The RAU report looked at electoral violence in Zimbabwe, Angola, Mozambique, Namibia and South Africa from the years 1998 to 2018, and the outcome was that although the neighbouring countries shared the same history of the liberation struggle, Zimbabwe was the most violent, with most of the violence aimed at civilians by political militia, and 46% of violence occurred during elections.
A graph showing the total number of violent incidences recorded by the five countries during the periods 1997 to 2014 had Zimbabwe topping the list with 5 075 cases of violence, which constituted 37%, followed by South Africa with 4 540 cases (33%), Angola with 3 001 cases (21,8%), Namibia with 573 cases recorded (4,2%) and Mozambique with 561 cases (4,1%).
“Zimbabwe has an unenviable reputation for being the most politically violent country in Southern Africa, certainly since the civil wars ended in Angola and Mozambique, and the independence of Namibia and South Africa,” the RAU report said.
“The country was born out of a particularly violent struggle against white settler domination, entered a new internecine conflict in the 1980s, and, since 2000, has been the subject of violent elections, mass displacements, and continuous repression,” they said.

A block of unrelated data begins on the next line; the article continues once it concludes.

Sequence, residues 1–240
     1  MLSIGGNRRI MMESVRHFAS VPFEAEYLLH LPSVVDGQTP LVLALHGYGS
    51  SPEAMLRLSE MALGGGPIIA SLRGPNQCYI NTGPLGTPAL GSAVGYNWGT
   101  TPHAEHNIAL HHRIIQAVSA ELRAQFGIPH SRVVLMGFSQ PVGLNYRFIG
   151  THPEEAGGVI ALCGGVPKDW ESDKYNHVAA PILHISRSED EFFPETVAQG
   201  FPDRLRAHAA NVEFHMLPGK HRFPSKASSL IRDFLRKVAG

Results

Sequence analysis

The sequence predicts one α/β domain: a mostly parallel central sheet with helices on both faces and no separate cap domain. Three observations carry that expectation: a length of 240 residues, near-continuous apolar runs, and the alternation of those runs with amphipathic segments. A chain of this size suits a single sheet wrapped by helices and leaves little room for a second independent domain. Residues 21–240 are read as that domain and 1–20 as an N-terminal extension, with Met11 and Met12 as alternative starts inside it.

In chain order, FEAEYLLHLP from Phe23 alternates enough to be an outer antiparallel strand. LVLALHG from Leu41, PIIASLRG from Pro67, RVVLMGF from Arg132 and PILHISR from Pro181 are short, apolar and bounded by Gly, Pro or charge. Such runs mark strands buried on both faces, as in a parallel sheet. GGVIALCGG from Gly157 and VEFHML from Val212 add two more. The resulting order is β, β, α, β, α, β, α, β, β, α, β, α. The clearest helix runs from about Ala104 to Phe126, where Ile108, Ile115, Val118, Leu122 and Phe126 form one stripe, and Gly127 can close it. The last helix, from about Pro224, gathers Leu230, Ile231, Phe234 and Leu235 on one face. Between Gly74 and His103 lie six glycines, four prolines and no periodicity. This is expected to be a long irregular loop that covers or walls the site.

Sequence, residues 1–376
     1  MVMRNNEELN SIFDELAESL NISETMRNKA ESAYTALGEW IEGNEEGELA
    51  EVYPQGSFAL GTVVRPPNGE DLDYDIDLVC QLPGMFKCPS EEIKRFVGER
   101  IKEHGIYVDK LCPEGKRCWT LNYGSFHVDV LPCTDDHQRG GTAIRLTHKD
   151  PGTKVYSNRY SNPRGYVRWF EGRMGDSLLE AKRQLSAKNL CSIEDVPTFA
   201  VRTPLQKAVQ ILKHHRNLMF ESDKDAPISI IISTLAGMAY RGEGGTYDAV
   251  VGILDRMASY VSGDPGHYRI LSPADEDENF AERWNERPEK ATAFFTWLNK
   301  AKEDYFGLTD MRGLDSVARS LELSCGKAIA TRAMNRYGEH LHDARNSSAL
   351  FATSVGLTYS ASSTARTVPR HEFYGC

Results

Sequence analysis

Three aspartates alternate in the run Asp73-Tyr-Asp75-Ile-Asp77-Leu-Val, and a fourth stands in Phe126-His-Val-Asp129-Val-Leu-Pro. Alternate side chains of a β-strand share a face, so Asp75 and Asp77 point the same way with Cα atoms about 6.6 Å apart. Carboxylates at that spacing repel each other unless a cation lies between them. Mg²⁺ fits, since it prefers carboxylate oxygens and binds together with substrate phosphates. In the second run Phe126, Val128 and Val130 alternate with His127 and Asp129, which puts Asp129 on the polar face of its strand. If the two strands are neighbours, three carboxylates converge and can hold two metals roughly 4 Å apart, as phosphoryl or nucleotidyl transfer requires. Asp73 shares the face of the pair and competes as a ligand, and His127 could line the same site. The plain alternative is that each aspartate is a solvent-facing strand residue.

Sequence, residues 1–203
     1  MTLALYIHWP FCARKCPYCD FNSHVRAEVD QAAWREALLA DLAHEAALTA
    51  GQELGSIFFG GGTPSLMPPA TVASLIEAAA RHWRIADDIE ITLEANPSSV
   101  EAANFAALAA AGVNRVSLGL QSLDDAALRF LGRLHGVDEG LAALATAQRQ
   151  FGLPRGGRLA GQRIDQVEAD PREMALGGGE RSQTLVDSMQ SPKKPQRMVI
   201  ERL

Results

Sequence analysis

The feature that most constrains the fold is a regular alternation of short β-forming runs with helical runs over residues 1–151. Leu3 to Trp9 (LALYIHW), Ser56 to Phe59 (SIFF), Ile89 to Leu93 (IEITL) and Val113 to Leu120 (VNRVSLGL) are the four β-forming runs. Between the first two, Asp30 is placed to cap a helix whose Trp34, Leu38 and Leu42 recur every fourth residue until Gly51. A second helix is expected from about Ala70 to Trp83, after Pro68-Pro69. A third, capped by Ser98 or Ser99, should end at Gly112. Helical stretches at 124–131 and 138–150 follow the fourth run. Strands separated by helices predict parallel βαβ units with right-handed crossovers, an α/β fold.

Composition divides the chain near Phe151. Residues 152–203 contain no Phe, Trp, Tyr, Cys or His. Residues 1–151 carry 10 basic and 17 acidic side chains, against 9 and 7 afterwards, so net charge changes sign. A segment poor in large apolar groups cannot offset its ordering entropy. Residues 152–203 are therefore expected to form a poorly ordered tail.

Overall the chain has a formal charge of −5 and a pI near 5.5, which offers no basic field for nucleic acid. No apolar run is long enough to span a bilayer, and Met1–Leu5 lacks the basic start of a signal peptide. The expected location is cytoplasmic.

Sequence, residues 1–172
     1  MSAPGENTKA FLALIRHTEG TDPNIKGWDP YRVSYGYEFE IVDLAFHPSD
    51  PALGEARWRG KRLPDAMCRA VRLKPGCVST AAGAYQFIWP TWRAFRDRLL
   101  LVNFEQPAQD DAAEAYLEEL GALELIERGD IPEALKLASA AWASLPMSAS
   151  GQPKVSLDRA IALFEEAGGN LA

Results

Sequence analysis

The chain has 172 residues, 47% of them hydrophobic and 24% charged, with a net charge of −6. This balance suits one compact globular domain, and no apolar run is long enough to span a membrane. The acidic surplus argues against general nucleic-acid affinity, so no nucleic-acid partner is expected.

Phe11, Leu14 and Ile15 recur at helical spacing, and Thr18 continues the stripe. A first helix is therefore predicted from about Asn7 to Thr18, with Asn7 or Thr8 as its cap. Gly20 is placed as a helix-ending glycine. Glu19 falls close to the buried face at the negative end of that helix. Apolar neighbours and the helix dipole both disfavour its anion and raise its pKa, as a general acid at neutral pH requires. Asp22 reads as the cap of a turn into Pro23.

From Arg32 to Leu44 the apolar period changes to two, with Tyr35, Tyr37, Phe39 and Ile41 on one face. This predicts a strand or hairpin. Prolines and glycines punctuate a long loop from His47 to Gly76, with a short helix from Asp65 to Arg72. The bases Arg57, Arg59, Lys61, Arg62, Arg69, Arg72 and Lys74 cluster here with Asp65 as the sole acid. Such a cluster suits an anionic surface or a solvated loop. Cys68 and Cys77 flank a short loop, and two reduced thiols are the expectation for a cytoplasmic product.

The RAU report said the electoral violence in Zimbabwe is of a wholly different character to those of the other four Southern African countries in that most of the incidences (71,9%) out of 4 216 recorded cases between 1998 to 2018 was directed at civilians.
Violence caused by riots was recorded as 1 047 incidences, constituting 17,9% of the political violence recorded during that period.
“The majority of perpetrators in the violence in Zimbabwe are non-state actors (51,2%), and supporters of Zanu-PF, as well as war veterans.
“State actors, the police (ZRP), the army (ZNA), and the intelligence service (CIO) do also account for a substantial number of the perpetrators (22.7%),” the report said.
They said while state actors perpetrated violence during the Gukurahundi atrocities in Matabeleland during the 1980 civil war, the cases of electoral violence being recorded now were clearly gross human rights violations perpetrated by the military forces of the State.
Politically motivated violent in Zimbabwe is said to be a result of a prolonged struggle for power by the ruling Zanu-PF party and the main opposition MDC-T, with Zanu-PF strongholds of Mashonaland provinces, Masvingo, Manicaland and Midlands recording the highest incidences of violence (52%) followed by Harare at 39%.
“The elections in 2000, 2002 and 2008 were all violent, and arguably 2008 was the most violent of the three.
“The worst violence is seen when the contest is for the Presidency,” the RAU report said.